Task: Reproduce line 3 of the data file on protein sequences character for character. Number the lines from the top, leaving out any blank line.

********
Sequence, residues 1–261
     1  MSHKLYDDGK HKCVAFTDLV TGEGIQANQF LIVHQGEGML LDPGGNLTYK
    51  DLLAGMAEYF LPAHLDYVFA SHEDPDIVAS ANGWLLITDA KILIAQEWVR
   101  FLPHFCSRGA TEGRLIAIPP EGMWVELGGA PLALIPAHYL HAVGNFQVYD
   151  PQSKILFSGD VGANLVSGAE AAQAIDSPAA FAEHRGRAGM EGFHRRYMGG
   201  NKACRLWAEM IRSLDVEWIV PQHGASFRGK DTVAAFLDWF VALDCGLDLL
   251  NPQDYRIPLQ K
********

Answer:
    51  DLLAGMAEYF LPAHLDYVFA SHEDPDIVAS ANGWLLITDA KILIAQEWVR